Read about our program, and watch some video interviews with our experts.

  • It's entirely natural that you might be concerned, right now, about your child's health; a diagnosis of tracheomalacia can be frightening. But you can rest assured that at Boston Children's Hospital, your child is in good hands. Our physicians are bright, compassionate, and committed to focusing on the whole child, not just his condition—that's one reason we're frequently ranked as a top pediatric hospital in the United States.

    The good news is that tracheomalacia often goes away on its own, as a child's trachea develops and becomes stronger. Until that time, your infant is monitored closely by his care team, and may benefit from humidified air, chest physical therapy and perhaps a continuous positive airway pressure (CPAP) device.

    But if your child is having blue spells, problems eating or episodes of choking, surgery may be necessary. In that case, the doctors have a few options.

    Tracheomalacia

    1. Removing the thymus

    During this surgery, the doctors remove the thymus gland, creating a space between the aorta and the sternum. Then the surgeon moves the aorta (main blood vessel) up and attaches it to the breast bone. This takes all the pressure off of the trachea, allowing it to open up. This surgery often takes between one and three hours.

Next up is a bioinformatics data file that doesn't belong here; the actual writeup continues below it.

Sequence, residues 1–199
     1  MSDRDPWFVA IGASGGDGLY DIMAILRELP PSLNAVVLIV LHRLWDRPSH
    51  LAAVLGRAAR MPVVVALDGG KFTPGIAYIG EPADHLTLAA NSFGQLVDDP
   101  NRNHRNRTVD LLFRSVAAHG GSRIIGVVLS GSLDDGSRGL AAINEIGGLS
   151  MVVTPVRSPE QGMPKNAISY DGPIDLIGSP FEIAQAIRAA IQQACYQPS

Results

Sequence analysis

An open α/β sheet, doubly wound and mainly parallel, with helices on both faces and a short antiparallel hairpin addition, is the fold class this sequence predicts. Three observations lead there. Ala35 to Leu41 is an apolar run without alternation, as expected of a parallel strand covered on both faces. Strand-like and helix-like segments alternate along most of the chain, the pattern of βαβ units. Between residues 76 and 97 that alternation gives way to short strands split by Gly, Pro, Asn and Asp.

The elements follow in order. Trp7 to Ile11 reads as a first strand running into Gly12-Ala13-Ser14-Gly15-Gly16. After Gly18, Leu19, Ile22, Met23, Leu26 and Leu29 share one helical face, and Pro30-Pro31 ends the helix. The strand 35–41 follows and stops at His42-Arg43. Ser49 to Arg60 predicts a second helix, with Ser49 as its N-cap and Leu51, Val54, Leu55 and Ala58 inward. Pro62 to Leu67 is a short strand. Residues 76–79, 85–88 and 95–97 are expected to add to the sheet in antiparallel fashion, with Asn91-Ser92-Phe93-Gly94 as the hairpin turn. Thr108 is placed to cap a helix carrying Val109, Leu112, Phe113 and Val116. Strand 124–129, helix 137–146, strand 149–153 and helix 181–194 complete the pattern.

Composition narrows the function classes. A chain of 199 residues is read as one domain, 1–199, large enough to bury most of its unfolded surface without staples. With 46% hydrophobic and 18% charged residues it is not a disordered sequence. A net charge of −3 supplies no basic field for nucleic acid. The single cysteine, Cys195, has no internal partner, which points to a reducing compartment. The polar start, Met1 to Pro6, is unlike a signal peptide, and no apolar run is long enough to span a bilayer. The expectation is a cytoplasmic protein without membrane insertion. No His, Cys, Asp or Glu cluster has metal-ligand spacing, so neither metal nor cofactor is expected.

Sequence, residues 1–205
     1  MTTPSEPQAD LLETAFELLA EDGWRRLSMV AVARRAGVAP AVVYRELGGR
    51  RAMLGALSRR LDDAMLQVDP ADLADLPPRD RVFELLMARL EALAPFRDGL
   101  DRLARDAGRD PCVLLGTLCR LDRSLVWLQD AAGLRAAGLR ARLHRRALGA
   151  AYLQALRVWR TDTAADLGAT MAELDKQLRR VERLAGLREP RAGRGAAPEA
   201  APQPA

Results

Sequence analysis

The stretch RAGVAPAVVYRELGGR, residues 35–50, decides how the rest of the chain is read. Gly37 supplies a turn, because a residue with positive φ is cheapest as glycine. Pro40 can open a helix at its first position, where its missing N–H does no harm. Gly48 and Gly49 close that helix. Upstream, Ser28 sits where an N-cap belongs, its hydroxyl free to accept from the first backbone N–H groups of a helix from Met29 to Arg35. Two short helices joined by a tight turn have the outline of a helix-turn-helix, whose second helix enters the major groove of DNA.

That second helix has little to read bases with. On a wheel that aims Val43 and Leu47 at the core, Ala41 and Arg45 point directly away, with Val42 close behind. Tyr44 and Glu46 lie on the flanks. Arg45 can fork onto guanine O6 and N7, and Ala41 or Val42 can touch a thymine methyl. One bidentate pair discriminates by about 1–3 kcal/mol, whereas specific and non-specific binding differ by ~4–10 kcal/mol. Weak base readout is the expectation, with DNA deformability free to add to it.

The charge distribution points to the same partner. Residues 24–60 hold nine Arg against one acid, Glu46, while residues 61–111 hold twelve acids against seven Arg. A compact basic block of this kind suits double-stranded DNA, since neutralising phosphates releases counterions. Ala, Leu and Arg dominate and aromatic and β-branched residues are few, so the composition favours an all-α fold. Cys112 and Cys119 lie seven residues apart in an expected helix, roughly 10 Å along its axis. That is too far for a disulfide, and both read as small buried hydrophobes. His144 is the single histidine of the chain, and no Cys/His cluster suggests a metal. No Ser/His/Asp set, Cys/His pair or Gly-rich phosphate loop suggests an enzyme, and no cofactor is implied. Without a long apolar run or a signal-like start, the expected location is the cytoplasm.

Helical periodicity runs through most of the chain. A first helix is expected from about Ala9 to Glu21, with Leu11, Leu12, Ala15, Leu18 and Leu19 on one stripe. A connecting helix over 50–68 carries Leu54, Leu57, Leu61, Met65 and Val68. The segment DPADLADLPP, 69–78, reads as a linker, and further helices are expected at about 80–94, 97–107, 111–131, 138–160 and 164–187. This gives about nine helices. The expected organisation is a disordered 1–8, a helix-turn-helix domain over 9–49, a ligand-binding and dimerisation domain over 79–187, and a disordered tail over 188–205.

2. Placing a stent

    The doctor might also choose to place a stent in your child's trachea. A stent is a narrow tube that holds it open, and encourages the tissues of the trachea to grow around it. Stents are temporary, but sometimes kids need to have stents placed more than once.

    Coping and support

    No parent wants her child to be ill, and it's important to remember that you and your family aren't alone. There's a lot of support available here at Children's for you and your family, and here are some of the ways we can help:

    Patient education: From the office visit to pre-op to the recovery room, our nurses will be on hand to walk you through your child's treatment and help answer any questions you may have— How long will I be separated from my child during surgery? What will the operating room be like? They will also reach out to you by phone, continuing the care and support you received while at Children's.

    Parent to parent: Want to talk with someone whose child has been treated for tracheomalacia? We can often put you in touch with other families who have been through similar experiences and can share with you their experience at Children's.

    Faith-based support: If you are in need of spiritual support, we will help connect you with the Children's chaplaincy. Our program includes nearly a dozen clergy representing Episcopal, Jewish, Lutheran, Muslim, Roman Catholic, Unitarian and United Church of Christ traditions who will listen to you, pray with you and help you observe your own faith practices during your hospital experience.

    Social work: Our clinical social workers have helped many other families in your situation. Your social worker can offer counseling and assistance with issues such as coping with your child's diagnosis, stresses relating to coping with illness and dealing with financial difficulties.